Ringing an extent is an advanced form of method ringing and less experienced ringers will generally ring shorter touches or plain-courses. These do not ring every possible permutation but they still do not repeat any.

Various algorithms or methods have been developed for ringers to learn conceptually. They will dictate the bells' "movements" and, if followed correctly, will prevent them from repeating any rows. These methods follow basic patterns, but a caller or conductor will occasionally call out to tell the ringers to make a slight variation to the pattern.

Learning to ring

Change Ringing is a relatively complex task and it can take many years for someone to become proficient, although this varies from person to person. Learners are almost always trained by a more experienced ringer. Ringing is also very "open-ended" and there are always more stages and skills to master.

Striking and striking competitions

Although neither call change nor method ringing produces conventional tunes, it is still the aim of the ringers to produce a pleasant sound. The most pleasant sounds are achieved when the gaps between the bells are the same and the bells do not clash by sounding at the same instant. This achievement is known as good striking.

Striking competitions are held where various bands of ringers attempt to ring with their best striking. They are judged on their number of faults (striking errors); the band with the least number of faults wins.

Many regional ringing associations have annual striking competitions for bands from their region. There are also several nation-wide striking competitions, including the prestigious National Twelve-Bell competition [1]. These competitions may have separate awards for bands ringing on 6, 8, 10 or 12 bells, or for call change and method ringing. The competition organisers may designate a set piece (a particular method or sequence of call changes) which all bands must ring, or else allow each band to ring their best piece.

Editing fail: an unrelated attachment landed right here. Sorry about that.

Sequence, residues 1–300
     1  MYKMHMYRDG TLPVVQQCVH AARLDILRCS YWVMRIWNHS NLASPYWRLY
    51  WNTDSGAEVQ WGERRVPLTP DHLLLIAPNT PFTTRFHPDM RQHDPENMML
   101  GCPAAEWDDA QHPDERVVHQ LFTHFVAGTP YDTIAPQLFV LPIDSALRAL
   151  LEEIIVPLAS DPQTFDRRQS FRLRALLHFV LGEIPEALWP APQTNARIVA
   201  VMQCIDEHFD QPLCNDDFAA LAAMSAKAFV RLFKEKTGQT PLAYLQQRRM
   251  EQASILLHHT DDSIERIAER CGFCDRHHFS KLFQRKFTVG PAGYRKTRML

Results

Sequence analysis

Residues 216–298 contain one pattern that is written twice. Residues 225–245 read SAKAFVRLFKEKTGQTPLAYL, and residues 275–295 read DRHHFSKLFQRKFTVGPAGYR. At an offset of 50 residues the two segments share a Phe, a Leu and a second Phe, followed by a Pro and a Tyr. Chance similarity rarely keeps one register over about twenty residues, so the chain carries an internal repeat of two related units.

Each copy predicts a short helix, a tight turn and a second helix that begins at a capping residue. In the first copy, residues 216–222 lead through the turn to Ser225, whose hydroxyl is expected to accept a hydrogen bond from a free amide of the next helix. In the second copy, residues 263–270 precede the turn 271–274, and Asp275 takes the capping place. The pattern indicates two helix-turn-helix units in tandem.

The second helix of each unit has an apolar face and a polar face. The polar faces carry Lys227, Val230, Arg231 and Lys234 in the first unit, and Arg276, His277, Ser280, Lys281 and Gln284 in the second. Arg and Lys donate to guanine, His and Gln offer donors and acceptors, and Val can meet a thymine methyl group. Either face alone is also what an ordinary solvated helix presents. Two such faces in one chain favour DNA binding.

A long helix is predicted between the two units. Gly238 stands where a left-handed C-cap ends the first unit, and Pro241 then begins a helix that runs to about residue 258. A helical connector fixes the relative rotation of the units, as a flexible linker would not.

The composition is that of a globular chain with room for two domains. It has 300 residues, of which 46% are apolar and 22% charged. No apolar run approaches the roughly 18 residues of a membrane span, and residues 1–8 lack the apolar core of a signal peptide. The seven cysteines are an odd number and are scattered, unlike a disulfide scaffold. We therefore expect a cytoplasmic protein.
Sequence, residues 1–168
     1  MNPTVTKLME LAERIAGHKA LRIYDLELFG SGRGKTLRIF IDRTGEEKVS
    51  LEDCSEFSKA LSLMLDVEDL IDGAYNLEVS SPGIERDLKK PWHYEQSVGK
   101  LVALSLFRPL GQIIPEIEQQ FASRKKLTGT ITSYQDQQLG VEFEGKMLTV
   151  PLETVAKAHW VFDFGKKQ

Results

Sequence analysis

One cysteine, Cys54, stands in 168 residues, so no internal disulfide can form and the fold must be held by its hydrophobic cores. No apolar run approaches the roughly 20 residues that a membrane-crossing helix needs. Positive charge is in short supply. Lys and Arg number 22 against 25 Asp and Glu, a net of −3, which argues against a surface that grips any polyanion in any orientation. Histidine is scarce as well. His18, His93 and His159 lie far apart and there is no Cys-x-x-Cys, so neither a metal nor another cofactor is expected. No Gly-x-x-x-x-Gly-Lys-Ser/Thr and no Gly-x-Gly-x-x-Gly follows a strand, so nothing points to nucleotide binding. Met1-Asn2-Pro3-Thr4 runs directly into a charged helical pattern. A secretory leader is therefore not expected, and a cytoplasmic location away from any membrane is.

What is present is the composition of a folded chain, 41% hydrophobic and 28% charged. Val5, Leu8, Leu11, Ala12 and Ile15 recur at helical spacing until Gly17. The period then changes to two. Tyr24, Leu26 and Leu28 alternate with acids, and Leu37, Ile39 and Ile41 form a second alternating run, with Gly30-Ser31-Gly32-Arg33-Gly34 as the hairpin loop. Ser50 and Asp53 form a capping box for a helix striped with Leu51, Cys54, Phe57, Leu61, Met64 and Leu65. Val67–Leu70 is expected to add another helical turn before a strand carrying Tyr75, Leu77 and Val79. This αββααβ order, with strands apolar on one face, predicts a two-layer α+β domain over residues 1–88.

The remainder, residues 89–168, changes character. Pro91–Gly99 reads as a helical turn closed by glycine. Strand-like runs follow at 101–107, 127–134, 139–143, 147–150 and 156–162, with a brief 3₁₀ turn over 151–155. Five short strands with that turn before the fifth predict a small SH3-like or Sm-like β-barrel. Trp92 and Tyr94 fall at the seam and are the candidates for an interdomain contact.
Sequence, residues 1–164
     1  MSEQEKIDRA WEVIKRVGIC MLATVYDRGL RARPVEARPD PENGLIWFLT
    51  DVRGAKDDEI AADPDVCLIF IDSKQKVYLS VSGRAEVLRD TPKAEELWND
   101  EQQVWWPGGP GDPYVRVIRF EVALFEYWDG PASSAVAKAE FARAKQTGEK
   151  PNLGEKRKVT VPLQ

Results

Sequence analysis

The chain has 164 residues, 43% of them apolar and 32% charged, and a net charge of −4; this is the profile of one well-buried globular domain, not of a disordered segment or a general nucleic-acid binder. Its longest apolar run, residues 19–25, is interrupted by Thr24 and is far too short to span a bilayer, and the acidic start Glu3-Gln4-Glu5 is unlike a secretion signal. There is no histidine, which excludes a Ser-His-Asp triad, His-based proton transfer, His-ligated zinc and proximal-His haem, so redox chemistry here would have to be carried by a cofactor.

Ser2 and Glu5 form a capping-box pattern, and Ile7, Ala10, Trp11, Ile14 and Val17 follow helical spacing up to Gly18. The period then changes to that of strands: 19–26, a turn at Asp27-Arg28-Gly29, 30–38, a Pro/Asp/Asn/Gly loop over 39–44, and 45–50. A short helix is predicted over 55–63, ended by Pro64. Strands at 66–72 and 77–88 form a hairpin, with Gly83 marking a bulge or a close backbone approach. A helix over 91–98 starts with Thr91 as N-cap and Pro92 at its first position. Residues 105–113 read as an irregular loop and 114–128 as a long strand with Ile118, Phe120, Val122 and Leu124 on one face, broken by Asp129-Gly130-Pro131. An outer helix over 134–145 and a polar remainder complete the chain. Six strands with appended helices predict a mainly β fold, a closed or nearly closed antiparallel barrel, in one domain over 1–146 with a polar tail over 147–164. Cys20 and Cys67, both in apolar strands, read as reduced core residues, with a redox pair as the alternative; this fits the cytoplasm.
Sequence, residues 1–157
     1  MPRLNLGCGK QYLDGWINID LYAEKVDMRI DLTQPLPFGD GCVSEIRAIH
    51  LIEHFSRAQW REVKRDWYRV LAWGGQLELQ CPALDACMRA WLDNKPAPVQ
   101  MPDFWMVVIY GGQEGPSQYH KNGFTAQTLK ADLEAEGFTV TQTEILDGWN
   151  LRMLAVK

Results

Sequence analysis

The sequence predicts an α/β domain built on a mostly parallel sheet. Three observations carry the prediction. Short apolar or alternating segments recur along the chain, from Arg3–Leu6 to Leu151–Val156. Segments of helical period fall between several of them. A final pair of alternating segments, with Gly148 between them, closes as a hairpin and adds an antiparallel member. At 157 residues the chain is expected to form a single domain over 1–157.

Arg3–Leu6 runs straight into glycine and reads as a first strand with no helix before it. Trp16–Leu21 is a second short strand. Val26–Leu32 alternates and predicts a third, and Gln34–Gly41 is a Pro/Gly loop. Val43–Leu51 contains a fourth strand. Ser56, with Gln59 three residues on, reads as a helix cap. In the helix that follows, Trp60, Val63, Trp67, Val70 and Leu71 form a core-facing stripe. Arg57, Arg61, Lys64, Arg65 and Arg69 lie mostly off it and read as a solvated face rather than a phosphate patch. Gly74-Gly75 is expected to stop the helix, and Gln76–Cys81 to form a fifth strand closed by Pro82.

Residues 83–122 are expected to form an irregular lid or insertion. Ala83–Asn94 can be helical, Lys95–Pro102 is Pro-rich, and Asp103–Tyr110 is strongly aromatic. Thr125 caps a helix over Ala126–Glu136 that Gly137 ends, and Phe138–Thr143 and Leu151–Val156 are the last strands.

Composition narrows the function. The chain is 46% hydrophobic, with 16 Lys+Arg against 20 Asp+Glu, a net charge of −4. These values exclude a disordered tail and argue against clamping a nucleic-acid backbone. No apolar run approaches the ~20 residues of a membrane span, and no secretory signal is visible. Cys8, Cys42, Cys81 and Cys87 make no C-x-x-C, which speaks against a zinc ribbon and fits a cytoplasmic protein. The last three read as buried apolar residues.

In a Devon call change competition, all the teams that enter the competition ring the same set of call changes, usually the so called "sixty on thirds", complete with a rise and lower in not less than 15 minutes on six bells. The most prestigious of all the competitions in Devon are the two Devon Association of Ringers finals, The Devon Major Final for towers with six or fewer bells, and The Devon 8-Bell Final for towers with eight or more bells (there are no seven-bell towers). These have been held around Easter every year since the 1920s, and the most successful teams in the finals of recent years have been Eggbuckland, a tower in the city of Plymouth, in the Major Final and Kingsteignton in the 8-Bell Final. Due to the number of competitions, ringing by bands from Devon's more successful towers is reckoned to have some of the best striking in the country.

In 2000 an annual National Call Change competition was initiated with the hope of gaining more interest in call change ringing in the rest of the UK. However, attendance from teams outside Devon has been limited, largely due to the competition being held mainly in eastern Devon. In 2004 the competition was won by Eggbuckland's first team, and a team from Hampshire beat a Devon team. This was the first time a Devon team had been beaten by a team from outside the county in this competition.

History and modern culture of change ringing

Change ringing began in England in the early part of the 17th century. The techniques used today are extremely similar to those developed at that time, with the only major innovations being the use of ball bearings to improve the ease of movement of the bells, and the introduction of Simpson tuning in the early 20th century to improve the intonation of the bells.